Mastercard, PayPal and Robinhood take a deeper dive into crypto as industry shows ‘promise’

For TradFi, crypto is in a “transition period” and needs more on-ramps

As the crypto market makes its way through a recession, more money coming in and more users could help it weather the storm.

But right now, it’s sometimes challenging for the layman to get into crypto. Understanding gas rates and wallets isn’t intuitive, and the perceived miasma of complication currently surrounding the space doesn’t help either. To help foster user adoption and the resulting capital inflow, web3 needs smoother on-ramps and off-ramps to make it easier to buy and interact with blockchains.

Trusted providers with existing core audiences are betting that they can help fill that gap.

In recent weeks, a number of brand name major financial institutions have launched new crypto products and services in an attempt to make the space more accessible. In late April, Mastercard, PayPal, and Robinhood spoke independently about the steps they are taking to make it to Consensus 2023 and how they are progressing their moves into the crypto ecosystem.

“Despite the market, we’re still on the cusp of mainstream adoption,” José Fernández da Ponte, senior vice president and general manager of blockchain, cryptocurrency and digital currencies at PayPal, told TechDigiPro+. “We got into this technology because we think it contributes to the idea of ​​a faster, more inclusive financial services environment,” Ponte said.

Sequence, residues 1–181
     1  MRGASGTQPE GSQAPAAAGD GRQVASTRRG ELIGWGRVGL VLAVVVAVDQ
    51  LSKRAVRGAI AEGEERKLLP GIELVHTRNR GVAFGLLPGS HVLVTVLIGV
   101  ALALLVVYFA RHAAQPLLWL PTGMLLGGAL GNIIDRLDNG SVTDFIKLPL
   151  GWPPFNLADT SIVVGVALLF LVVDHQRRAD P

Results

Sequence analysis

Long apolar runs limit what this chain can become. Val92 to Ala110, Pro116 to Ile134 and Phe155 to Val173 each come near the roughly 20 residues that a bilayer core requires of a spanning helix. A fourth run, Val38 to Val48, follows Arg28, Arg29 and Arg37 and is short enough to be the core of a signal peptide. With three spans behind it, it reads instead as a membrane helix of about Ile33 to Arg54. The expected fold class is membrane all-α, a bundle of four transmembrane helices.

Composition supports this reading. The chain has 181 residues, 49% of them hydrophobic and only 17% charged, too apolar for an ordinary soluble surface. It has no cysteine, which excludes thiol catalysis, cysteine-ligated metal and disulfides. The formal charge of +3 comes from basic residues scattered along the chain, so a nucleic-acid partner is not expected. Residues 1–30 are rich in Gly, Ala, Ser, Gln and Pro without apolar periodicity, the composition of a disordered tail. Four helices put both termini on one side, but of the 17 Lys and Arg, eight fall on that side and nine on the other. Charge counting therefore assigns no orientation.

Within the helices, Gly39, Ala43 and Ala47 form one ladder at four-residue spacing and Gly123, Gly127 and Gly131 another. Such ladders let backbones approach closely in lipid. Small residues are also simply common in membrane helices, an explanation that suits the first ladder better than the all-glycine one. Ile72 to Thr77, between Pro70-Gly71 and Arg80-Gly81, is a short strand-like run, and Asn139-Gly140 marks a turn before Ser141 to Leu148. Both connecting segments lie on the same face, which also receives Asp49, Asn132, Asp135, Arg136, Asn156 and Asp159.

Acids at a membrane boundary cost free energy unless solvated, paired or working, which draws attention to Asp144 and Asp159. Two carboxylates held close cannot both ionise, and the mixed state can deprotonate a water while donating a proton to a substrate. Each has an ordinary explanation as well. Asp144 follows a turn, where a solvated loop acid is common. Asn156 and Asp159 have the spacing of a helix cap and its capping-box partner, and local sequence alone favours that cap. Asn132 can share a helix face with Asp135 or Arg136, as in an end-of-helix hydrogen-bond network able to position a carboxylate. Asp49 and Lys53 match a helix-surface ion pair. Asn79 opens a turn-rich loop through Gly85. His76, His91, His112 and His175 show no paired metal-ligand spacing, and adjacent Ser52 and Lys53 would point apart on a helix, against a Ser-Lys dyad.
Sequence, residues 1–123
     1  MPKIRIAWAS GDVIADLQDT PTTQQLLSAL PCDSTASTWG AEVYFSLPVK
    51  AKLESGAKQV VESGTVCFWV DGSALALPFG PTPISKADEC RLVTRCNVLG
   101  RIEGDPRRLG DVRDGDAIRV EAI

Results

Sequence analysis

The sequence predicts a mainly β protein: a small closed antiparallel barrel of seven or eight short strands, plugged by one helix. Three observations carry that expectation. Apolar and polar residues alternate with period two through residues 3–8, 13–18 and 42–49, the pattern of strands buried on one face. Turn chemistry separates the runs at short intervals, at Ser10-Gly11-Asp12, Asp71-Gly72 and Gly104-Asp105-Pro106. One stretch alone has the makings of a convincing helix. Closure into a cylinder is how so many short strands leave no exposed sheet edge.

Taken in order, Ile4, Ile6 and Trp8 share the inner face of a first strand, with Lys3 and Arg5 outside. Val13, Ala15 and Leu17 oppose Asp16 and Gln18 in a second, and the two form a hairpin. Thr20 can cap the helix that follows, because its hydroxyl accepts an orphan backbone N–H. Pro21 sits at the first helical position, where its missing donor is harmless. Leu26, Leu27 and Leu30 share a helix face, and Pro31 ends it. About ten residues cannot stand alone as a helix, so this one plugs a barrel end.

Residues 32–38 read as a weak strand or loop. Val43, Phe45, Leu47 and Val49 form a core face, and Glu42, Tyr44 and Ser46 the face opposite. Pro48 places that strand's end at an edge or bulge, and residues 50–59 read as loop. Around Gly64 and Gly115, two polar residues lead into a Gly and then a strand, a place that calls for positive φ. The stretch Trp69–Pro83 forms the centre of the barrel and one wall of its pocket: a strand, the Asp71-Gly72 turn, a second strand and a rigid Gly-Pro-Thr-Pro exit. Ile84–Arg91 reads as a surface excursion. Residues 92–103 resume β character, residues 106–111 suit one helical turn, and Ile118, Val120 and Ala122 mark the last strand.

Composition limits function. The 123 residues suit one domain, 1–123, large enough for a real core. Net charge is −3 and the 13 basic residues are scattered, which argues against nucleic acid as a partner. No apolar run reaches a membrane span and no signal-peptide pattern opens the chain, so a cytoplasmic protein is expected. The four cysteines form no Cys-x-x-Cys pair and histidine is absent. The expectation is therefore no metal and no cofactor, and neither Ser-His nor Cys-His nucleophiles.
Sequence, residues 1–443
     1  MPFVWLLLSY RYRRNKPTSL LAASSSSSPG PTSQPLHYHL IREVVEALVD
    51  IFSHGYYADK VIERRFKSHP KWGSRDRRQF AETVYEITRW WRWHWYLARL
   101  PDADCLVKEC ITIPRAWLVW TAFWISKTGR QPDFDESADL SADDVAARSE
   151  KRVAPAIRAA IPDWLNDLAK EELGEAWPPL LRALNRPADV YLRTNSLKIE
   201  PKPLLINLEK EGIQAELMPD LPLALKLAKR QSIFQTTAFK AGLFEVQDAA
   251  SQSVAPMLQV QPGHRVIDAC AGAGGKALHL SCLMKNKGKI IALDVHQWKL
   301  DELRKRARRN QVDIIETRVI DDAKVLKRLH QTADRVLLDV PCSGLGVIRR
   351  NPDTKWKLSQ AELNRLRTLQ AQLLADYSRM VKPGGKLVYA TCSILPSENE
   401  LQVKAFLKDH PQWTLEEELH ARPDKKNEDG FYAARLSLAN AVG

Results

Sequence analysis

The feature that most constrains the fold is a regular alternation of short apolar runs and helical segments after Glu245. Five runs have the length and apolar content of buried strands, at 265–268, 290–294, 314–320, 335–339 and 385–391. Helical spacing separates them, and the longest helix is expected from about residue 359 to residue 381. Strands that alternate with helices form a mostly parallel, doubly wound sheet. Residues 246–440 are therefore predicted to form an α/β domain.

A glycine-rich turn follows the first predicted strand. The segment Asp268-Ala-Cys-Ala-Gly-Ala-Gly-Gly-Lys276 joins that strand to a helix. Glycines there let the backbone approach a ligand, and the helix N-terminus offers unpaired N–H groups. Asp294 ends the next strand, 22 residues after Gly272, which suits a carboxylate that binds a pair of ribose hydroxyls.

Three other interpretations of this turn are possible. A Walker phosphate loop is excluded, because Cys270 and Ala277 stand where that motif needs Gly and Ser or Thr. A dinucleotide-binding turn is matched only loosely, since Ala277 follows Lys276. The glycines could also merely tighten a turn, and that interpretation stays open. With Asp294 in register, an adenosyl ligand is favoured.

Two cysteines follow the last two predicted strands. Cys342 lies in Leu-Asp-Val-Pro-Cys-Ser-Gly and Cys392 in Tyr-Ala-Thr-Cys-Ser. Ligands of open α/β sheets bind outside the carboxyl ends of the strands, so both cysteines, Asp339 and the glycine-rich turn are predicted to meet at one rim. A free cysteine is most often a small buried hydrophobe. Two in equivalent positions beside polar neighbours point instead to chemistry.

The crypto ecosystem is in a “transition period,” according to Raj Dhamodharan, executive vice president of blockchain and digital currencies at Mastercard. The industry is figuring out the technology and what else can be extracted from it, and “a lot of energy goes into figuring out the next use cases,” he said.

People new to crypto are likely to be more willing to use a platform they already know and trust to purchase web3 products and services. Domestic financial names opening their doors to the ecosystem could be the catalyst that pushes cryptocurrencies from niche to something more.

On April 28, Mastercard released “Crypto Credential,” a set of standards and infrastructure that aims to help certify interactions between consumers and businesses using blockchain networks.

“We are excited about the underlying technology and the promise that the technology offers,” said Dhamodharan. “We believe that public blockchains can be useful for storing and moving value over time…and you need to show that you can do it in a compliant way.”


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